EPONYMS AND MORALITY PLAYS

In complete disclosure, the Dresser points out that Campbell and Musto make it clear that their opera is “unfaithfully adapted from Ben Johnson’s eponymous comedy” and that operas usually demand fewer words because musical setting extends how much time it takes to deliver text into the heads of the listeners. Also, the Dresser insists that a minute be spent on the word eponym, which means the name of a person real or imagined whose name is the source of another name of particular place, tribe, discovery, or other item. So for example in American history, William Penn’s name was used to create the name for the state Pennsylvania.

In Volpone, Johnson named most of his characters with Italian words that were the names of animals: Volpone—old or sly fox, Mosca—fly, Voltore—vulture, Corvina—raven-black, Cornaccio—carrion crow. Campbell added the character Erminella, the ermine, a seductively beautiful animal that belongs to the weasel family. Scratching her head, the Dresser thinks the word eponym fits with the idea that Johnson’s play was a reinterpretation of the medieval morality play where characters were not flesh and blood but stand-ins (or personifications) for human behavior involving greed, hate, love, etc.

GETTING INTO THE MIND OF THE COMPOSER

When the Dresser saw the original 2004 production of the Musto-Campbell opera Volpone, she knew it would be successful but something riled her up about the production, which was highly polished and crowd-pleasing. In Leon Major’s interpretation of this opera, all the characters progressively turned into the animals their name suggested. Peter Kazaras in the new production follows a more traditional character development approach, such that while the personalities of characters might be eccentric or exaggerated, the characters don’t transform either into morality, mythic, or animalistic forms. The Kazaras vision fleshes out the characters as human beings with a lot of baggage.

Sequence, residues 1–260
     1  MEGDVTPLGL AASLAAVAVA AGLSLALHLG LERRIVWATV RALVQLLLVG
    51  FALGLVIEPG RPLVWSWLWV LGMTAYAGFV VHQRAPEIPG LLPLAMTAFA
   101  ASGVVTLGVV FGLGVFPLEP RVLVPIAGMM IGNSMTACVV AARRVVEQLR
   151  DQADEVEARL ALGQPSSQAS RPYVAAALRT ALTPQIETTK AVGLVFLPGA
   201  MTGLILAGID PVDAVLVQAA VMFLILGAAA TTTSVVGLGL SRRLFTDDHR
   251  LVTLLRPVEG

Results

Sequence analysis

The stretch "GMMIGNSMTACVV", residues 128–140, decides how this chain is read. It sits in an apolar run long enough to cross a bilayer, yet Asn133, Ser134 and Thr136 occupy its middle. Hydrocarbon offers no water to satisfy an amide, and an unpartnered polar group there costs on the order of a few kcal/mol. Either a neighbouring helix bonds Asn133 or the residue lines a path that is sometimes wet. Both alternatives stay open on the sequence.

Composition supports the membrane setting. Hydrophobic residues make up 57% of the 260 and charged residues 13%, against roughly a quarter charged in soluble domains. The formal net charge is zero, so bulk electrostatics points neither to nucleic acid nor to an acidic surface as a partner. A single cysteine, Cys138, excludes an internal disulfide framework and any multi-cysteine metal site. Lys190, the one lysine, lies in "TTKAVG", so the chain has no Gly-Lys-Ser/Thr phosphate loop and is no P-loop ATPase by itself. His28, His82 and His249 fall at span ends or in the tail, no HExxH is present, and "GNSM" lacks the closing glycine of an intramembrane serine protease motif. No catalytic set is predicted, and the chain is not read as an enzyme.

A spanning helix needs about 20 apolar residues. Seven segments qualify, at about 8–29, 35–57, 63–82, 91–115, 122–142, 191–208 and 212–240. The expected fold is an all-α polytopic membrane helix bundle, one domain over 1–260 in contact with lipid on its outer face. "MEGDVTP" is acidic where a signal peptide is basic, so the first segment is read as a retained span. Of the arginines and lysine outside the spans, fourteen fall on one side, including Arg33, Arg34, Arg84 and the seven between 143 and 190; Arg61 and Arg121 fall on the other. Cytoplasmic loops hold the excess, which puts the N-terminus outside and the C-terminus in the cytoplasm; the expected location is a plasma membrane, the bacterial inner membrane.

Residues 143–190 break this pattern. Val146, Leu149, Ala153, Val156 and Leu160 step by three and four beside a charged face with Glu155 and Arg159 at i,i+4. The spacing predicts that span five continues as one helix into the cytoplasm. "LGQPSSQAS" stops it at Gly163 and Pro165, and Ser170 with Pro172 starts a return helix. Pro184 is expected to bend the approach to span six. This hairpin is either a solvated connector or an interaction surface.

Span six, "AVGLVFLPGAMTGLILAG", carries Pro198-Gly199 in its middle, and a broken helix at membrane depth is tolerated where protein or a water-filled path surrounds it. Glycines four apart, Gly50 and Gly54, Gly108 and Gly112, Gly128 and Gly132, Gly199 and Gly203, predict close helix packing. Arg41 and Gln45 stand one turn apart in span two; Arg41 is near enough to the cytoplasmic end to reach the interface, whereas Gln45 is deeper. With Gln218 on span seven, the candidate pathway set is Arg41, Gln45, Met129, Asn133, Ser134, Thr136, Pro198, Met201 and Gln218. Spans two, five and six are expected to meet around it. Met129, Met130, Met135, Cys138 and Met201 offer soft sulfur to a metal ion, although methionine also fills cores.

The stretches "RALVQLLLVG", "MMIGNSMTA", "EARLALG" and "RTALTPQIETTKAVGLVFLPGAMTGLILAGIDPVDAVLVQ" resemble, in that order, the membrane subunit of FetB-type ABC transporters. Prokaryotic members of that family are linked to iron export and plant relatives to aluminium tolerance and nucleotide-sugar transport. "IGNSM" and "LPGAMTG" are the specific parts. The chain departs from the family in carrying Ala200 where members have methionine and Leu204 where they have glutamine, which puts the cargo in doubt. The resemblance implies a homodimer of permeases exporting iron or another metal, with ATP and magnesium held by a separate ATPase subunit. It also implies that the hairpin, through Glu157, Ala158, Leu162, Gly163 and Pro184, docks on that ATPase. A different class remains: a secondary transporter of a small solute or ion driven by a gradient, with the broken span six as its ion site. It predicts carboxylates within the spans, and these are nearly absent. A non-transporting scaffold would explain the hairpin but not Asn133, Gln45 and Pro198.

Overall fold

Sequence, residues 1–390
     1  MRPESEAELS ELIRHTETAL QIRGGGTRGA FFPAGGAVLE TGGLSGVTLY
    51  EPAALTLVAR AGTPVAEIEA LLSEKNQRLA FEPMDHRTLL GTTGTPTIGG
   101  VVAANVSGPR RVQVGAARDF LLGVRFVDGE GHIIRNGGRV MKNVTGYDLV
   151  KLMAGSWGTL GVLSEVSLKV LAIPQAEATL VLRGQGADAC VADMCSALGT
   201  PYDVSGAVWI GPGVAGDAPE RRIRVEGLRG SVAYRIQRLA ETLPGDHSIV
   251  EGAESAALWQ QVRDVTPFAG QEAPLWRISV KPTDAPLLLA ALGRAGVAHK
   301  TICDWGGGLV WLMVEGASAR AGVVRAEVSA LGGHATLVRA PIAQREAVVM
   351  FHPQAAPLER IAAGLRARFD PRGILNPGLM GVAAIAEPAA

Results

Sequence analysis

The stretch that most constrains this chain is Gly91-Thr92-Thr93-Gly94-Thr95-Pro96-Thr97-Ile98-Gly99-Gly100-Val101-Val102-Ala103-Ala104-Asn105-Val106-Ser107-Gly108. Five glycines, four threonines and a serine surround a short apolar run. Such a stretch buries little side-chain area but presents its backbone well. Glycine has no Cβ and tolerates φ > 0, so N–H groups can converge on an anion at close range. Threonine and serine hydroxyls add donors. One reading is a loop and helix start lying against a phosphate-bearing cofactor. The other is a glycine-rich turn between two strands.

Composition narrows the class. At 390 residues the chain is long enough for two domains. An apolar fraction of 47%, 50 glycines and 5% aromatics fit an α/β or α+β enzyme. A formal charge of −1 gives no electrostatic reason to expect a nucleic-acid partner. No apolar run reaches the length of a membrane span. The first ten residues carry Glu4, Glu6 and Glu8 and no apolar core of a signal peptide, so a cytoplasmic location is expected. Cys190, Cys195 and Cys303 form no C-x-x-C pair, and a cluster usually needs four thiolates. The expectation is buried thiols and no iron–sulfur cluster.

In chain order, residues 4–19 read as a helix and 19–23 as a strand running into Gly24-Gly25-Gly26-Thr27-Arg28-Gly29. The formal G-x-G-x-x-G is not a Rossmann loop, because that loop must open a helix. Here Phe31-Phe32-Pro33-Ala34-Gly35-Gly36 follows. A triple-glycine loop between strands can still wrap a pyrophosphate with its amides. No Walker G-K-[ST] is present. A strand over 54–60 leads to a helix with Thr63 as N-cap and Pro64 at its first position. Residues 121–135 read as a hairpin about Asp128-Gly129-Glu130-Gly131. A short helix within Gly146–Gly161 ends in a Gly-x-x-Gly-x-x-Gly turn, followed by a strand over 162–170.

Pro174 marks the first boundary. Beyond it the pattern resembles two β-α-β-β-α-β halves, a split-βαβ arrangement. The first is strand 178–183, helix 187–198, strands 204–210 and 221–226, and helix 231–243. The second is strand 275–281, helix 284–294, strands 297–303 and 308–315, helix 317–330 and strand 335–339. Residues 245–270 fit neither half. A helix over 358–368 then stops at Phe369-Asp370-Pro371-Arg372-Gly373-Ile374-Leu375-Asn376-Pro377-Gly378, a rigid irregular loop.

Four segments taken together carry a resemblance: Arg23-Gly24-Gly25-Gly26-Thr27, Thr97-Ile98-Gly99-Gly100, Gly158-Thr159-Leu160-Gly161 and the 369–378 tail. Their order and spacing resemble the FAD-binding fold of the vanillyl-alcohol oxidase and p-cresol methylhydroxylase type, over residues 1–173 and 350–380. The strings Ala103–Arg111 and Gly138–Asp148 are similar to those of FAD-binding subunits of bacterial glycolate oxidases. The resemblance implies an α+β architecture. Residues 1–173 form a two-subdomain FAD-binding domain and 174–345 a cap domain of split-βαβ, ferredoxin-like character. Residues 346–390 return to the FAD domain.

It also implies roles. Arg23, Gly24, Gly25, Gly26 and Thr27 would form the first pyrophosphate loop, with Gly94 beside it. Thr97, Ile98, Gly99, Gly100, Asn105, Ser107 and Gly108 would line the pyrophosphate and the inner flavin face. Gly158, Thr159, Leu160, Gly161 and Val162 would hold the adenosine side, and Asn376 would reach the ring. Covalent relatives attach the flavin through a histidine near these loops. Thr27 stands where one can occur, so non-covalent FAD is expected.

Nosing around on the Internet, the Dresser found an interview on the Seattle Opera website with Peter Kazaras, who is a tenor turned director. In this interview, Kazaras said,

“I developed a technique which involves stripping the text from the music and really looking at what it says. Once you do that, whether it is poetry or a libretto or a play set to music, you suddenly find meaning. And once you as a performer start to find meaning, then you are getting into the mind of a composer who worked very diligently to create something meaningful. In the past eight years of teaching, I’ve seen amazing things happen when you get people to connect with what the words are, with what is actually going on. And then when you add fantastic music, whether it’s by Verdi, Puccini, Blitzstein, or whomever, you’re suddenly able to go someplace you never believed possible.”

LEVITATING THE LIBRETTIST

At intermission when the Dresser and her seatmate composer Janet Peachey found Mark Campbell to say how much we were enjoying the production, the Dresser also quizzed the librettist about what was different. Although the Dresser knew this production had lost the animal interpretation and that the set was new, she wondered if anything, like possibly the orchestration, had changed. Campbell said no, nothing had changed except the set and direction. When Janet Peachey said she liked this production better, Campbell practically levitated into the beautiful June night.

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About June 2007

This page contains all entries posted to The Dressing in June 2007. They are listed from oldest to newest.